8:23 am
August 25, 2012


Tracey

Guest

marea said:

Four years ago, I got rid of the lawn in my garden and put down about 10cm of mulch. Now it's completely broken down to the point where weeds are coming up everywhere.

What are the most environmentally friendly mulch options and how long can I expect the mulch to last? How deep should the layer of mulch be?

Hi Marea

 

I tend to go for organic options including lucerne mulch (high in calcium), pea straw or sugar cane mulch, leaves from deciduous trees, prunings from the garden. They break down to add nutrients to soil and improve its structure and water-holding abilities. Fallen leaves and prunings from the garden (excluding those affected by fungal disease) are the most environmentally sustainable as you are eliminating travel and you are using recycling product which is already in your back yard. Although these products break down much faster than barks, they are much more beneficial and don't tend to cause nitrogen draw back.

Laugh

8:32 am
August 25, 2012


Tracey

Guest

Post edited 12:55 pm – August 25, 2012 by admin



marea said:

Thanks a lot for that useful advice, Quetzal.

I seem to recall that the last lot of mulch I put down was forest mix/litter as it was all different sizes. Good suggestion about getting the soil Ph tested, and also about the thin layers of newspaper.

Hi Marea

 

Newspaper can be useful as mulch but need to make sure it is black ink only; coloured inke tends to contain nasty chemicals and should be avoidedSmile

1:37 pm
August 25, 2012


marea

Member

posts 446

Thanks a lot for those suggestions Tracey.

I'm starting to see weeds coming through the mulch nearly two years after the last batch, so it is time to consider options again.

Last year, I created a very small no-dig garden and used pea straw on that, as well as organic soil mix. All around it is the mulched area, which now has lots of bits of pine cones (dropped by cockatoos and parrots which fed on them) and pine needles from the neighbouring cypress pines as well as possum droppings (I assume at least one lives in the pine trees).

I gather pine trees really acidify the neighbouring soil, so do you think I should remove the pine needles or just add a mulch that will balance it out? Will pea straw balance out the Ph do you think? Smile

 

10:46 pm
September 4, 2012


Curly

Member

posts 9

Hi Marea

A lot depends on where you are and what you have available.

Pea straw or lucerne hay is a great way to very quickly cover a large area with minimal effort and excellent, quick results both in terms of coverage and soil conditioning. 

But you need to consider greenhouse gas emissions that go into producing and transporting the mulch. 

If you can get a local supplier that is selling recycled mulch or spoilt hay and can deliver large quantities you are doing pretty well. 

Sometimes local farmers have spoilt hay (easiest to find after a lot of rain) but otherwise Corkhill's recycled forest litter and other mulches seems to be the way to go (and it will last a bit longer than hay or straw…if you can cope with or pay for the labour of spreading it.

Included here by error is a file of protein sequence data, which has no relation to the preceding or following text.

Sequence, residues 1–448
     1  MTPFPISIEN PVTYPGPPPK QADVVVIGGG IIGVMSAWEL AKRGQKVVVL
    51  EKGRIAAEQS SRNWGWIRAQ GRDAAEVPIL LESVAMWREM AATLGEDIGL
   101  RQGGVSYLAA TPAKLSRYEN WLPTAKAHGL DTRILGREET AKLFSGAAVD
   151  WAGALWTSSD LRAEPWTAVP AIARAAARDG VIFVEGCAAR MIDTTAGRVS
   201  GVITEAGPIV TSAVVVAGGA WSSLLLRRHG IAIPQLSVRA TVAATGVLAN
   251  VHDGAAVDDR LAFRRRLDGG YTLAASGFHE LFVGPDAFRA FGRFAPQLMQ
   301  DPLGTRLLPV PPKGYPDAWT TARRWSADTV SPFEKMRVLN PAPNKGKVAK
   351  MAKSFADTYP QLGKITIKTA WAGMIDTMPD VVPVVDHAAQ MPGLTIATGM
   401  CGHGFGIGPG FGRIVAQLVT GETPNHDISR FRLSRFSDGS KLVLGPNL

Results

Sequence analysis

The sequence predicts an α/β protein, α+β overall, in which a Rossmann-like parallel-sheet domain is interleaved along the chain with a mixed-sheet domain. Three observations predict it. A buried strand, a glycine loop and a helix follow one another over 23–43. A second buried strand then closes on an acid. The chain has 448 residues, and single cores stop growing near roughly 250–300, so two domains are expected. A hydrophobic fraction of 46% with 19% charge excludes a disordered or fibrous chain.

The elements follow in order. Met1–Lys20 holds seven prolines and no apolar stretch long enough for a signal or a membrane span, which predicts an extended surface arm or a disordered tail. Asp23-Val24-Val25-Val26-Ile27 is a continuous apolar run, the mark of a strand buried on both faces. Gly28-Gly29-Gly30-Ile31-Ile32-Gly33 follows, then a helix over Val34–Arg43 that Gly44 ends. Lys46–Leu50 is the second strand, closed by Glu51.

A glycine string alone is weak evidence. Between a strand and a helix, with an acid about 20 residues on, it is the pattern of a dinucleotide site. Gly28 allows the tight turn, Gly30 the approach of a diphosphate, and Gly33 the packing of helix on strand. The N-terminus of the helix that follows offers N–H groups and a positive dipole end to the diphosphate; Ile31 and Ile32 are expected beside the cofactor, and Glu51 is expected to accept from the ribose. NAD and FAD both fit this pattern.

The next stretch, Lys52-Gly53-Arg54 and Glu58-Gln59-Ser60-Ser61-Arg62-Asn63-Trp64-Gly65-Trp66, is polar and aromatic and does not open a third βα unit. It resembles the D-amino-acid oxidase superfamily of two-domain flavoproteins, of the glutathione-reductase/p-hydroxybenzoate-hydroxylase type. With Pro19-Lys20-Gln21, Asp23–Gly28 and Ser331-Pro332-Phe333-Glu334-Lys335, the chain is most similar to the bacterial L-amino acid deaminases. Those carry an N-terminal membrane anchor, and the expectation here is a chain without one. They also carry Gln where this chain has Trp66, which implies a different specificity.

To work out what you need in cubic meters, measure the area to be covered (meters x meters) then multiply that by 0.1m (for 10cm thick).  By way of a guide, last time I planned on covering my front and back gardens and the narrow beds on either side of my suburban block I calculated it would be 10 cubic meters.  That's a semitrailer load…a lot of shovelling Wink

Re pH, pine needles will acidify the soil…which is great if you are growing berries or azaleas etc.  If not, try adding a little lime or dolomite (separately to any compost).  A pH test kit is an inexpensive investment that will take a lot of guess work out of working with your soil.

 

10:38 am
October 3, 2012


marea

Member

posts 446

Thanks for your suggestions Curly. I'll track down a soil pH test kit. I also like the idea of putting strawberries in the acidic soil.

I used recycled forest litter for mulch last time and I know what you mean about the amount of work involved in shovelling it out!!!

4:07 pm
February 15, 2013


cindy

Member

posts 263

I'd really like to get hold of a one of those shredding machines so that I can mulch up all my wattle bush clippings.

I've looked at LETS http://canlets.org.au/ and Sharehood http://www.thesharehood.org/ but noone seems to have one to loan ..

They are very expensive to buy

 

9:48 am
July 26, 2014


PeterB

Guest

Post edited 9:48 am – July 26, 2014 by PeterB
Post edited 9:49 am – July 26, 2014 by PeterB


 Hi Marea

Newspaper can be useful as mulch but need to make sure it is black ink only; coloured inke tends to contain nasty chemicals and should be avoidedSmile

Not sure where you get that from, Commercial Printers use soy based inks these days. They are organic, environmentally friendly and cheap. Win, win, win!

Most people would be using regular newspapers anyway because they need lots of paper for the job and the color printed stock you are talking about usually has a kaolin (clay) surface on the paper which is not very absorbant.

1:32 pm
August 27, 2014


marea

Member

posts 446

Hi PeterB, it was Tracey who made that comment in response to my reference to use of newspapers, but thanks for your useful clarification.

Reply to Post

Reply to Topic:
What's the most environmentally friendly mulch for the garden?

Guest Name (Required):

Guest Email (Required):

NOTE: New Posts are subject to administrator approval before being displayed

Smileys
Confused Cool Cry Embarassed Frown Kiss Laugh Smile Surprised Wink Yell
Post New Reply

Guest URL (required)

Math Required!
What is the sum of:
3 + 3
   


About the climateXchange Forum

Forum Timezone: Africa/Abidjan

Most Users Ever Online: 34

Currently Online:
2 Guests

Currently Browsing this Topic:
1 Guest

Forum Stats:

Groups: 4
Forums: 15
Topics: 444
Posts: 1109

Membership:

There are 1565 Members
There have been 55 Guests

There is 1 Admin

Top Posters:

marea – 446
cindy – 263
John Symond – 70
Quetzal – 60
OutandAbout – 34
PeterC – 30

Recent New Members: Living Streets Canberra, gender, janesimi01, shirely, kathy, heiha

Administrators: admin (36 Posts)